This week, UAE’s first ever infertility blog 'SSFE" talks about whether one should continue fighting infertility or give up…
10 May 2018| Last updated on 10 May 2018
Hi Internets! Eric here, and I thought this week I’d share an interesting conversation that came up. Not long ago, an acquaintance of mine was surprised to find out that Cathy and I write a blog for an infertility hospital because, as he put it, “But you couldn’t have kids.”
Um, yes, I do realize that. I was, you know, there.
So that got me thinking, why would the fact that it didn’t work for us prevent us for advocating for effective, professional fertility treatment. I am, in fact, here to advocate, vocally and regularly, that it absolutely is worth trying, whether it worked for us personally or not, and I can tell you why I think so.
I know for so many people out there who are dealing with infertility, or struggling through the challenges, discomforts, hopes and uncertainty of IVF, the “why are we doing this?” is pretty obvious.
Our expectations, societal norms, in many cases a genetically engrained drive to raise offspring; these motivations all conspire powerfully to push us through the challenges of infertility. So it might seem strange that I’d dedicate this week’s post to my take on why I think it’s a fight worth fighting. I mean, aren’t most people reading about or going through IVF highly motivated already?
Sure. Most are. But here’s the thing though. I remember very well the times that we struggled with those challenges, bore the disappointments, and wondered “why the heck are we doing this?!” I know there were times we very much questioned whether it was all worth it.
So I thought, maybe some of you out there are also struggling with the challenges, dreading the procedures or wondering if it’s worth it. And for those people, who would be more compelling to advocate in favor of pushing ahead than someone for whom it didn’t work? It may not have worked for us, but I’m still here to tell you to forge ahead, endure the uncertainties and discomforts and at least take your best, whole-hearted shot.
And what, you might ask, prompted this particular thought at this particular time? Well, there was that strange conversation with that acquaintance. He couldn’t understand why someone who had not been successful in treatment would argue in its favor. I couldn’t understand why he would think that. And then, and here’s the happy part of this post that the title promised, there was A Series of Unfortunate Events (as David Handler so artfully phrased it.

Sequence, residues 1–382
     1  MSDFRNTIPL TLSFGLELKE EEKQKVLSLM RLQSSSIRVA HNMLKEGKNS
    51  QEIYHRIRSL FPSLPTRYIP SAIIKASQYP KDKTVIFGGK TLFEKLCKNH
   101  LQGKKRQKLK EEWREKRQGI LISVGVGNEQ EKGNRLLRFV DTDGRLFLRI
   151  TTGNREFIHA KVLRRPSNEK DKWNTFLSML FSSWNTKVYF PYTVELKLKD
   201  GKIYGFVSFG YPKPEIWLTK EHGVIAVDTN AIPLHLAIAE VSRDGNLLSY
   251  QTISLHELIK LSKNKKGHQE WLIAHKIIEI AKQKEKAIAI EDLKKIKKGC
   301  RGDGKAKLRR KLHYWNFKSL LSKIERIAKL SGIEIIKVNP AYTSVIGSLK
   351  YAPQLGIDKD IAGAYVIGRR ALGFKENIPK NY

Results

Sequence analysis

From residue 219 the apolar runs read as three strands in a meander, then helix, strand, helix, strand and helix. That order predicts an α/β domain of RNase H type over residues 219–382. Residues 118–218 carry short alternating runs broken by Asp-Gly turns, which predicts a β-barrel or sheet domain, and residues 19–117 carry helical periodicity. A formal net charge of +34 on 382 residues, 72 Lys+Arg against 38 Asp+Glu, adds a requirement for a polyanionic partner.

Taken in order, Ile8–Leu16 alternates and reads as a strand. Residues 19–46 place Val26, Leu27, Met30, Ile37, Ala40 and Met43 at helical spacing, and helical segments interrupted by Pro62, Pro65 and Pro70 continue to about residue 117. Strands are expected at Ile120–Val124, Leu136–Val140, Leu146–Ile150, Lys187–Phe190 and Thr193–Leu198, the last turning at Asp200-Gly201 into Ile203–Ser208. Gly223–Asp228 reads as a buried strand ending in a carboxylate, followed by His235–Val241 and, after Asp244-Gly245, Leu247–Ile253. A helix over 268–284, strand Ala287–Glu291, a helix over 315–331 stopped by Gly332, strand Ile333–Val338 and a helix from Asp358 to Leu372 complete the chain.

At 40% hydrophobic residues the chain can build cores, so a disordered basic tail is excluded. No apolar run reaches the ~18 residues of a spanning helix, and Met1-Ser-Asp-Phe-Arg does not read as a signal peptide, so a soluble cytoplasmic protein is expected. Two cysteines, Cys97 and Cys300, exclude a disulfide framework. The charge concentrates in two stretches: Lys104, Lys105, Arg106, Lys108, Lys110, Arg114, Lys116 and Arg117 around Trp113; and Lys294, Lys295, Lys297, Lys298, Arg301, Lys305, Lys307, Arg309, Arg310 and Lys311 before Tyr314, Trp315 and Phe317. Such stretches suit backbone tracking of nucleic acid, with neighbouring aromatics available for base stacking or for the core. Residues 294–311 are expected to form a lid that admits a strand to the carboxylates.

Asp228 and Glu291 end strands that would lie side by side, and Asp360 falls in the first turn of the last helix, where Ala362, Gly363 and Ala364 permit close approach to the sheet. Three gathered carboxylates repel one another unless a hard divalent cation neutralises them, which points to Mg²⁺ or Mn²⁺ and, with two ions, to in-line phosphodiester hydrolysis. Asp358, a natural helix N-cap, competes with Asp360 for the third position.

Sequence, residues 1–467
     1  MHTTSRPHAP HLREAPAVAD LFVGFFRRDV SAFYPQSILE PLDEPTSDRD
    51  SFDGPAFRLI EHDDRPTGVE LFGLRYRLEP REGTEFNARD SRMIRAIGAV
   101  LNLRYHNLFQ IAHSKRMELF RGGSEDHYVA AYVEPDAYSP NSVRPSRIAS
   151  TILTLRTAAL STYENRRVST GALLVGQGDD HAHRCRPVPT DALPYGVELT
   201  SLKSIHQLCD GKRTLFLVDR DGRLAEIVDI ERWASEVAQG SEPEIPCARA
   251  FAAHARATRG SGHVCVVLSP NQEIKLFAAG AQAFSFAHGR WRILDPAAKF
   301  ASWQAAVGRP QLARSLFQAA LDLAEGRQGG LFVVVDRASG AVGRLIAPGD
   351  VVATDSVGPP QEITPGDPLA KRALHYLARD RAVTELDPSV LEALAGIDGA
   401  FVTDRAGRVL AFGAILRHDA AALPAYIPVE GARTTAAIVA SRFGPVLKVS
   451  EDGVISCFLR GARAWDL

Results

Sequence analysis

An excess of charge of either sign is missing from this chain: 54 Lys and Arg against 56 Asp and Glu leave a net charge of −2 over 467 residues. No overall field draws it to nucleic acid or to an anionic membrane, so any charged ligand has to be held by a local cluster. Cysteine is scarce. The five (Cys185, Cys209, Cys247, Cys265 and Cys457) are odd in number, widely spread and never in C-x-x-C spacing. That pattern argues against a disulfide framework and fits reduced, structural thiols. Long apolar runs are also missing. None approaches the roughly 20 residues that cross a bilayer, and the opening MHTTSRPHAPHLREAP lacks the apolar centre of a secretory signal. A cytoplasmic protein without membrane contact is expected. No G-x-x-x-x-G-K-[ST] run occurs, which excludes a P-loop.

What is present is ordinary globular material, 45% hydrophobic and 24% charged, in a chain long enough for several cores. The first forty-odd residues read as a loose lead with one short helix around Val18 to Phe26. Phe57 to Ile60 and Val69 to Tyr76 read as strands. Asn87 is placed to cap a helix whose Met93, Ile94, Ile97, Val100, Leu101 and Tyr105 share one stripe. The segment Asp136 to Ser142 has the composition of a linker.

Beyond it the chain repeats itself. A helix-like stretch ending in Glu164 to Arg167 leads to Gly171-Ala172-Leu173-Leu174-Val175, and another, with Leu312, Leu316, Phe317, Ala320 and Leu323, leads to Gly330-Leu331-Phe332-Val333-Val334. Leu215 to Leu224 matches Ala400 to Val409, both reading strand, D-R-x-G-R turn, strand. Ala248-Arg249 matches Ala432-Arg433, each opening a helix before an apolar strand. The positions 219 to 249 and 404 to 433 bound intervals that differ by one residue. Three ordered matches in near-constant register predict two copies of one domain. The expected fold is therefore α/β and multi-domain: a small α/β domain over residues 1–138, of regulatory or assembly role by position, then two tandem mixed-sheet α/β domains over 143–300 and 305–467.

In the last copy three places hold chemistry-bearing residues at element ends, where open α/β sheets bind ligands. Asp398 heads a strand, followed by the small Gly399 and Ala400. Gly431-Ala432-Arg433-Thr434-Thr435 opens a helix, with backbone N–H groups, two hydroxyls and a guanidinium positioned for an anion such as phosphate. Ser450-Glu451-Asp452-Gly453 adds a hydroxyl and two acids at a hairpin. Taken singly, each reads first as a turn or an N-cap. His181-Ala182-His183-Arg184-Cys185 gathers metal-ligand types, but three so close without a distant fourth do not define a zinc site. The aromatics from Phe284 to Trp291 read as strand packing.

Over the past few months, I’ve been spending lots of time with our goddaughter, who is three. And over that time, I have observed, among other things, a series of minor domestic accidents, container inversions and foodular catastrophes that used up a vast quantity of patience, not to mention paper towels. I mean, of course if you put your cereal bowl on the floor you will, almost by cosmic law of the universe, then you will step on the edge of it when you go to chase the cat under the sofa.
What’s been really, really fun about this, which I’m sure you can guess was not the pulling-cheerios-out-of-the-heating-vent part, was watching the amazing ways in which, over just weeks, this child’s understanding, and communication, of her views and feelings about these little household disasters, developed. After one case of catapulted peas and carrots, her reaction was, “Oh, no!” Just a few weeks later, the maraconi in my teacup was met with a forlorn look and, “Oh well, that happens”. This morphed into last week’s response to an Exxon Valdez-scale spill of something green and goopy, “I sorry. That was me. That was my fault.”
This. Is. Amazing.
I’m literally watching her expressions, her understanding of cause and effect, her use of language, ownership, responsibility and consequence, evolve before my eyes. My nephew once hurt his toe, a body part he didn’t yet know the name for. So he simply told me he had “an owie on his foot-finger.” My niece, three at the time, explained to me once that she had needed diapers “back when she was little” but not anymore.
I’m sure in raising children there are many “big moments”, first words, first bike ride, going off to school, prom night, etc. But what gets me, the moments when my heart breaks into a million little pieces, again and again and again, are not these big things. They are the hundred daily moments when, even in my infrequent vicarious parentings, children simply amaze me with what they see, how they think, how their minds piece things together and how they problem-solve. It is the most magical thing I’ve ever seen happen. It’s a miracle, and we get to watch it every day.
Know what? Infertility stinks. Treatment can be very hard. And as I know all too well, it may not work. Like we did, and have written about here, every couple will have to decide for themselves what they can handle, when to soldier on, and what challenges they can bear.
But I’ll tell you this, looking back from the perspective of someone who never got the prize, every time one of the kids in my life confuses their blueberry yogurt for wall paint or grape jelly’s the dog, I want to remind you that for a million tiny, hilarious, usually sticky reasons, even the chance is worth the shot.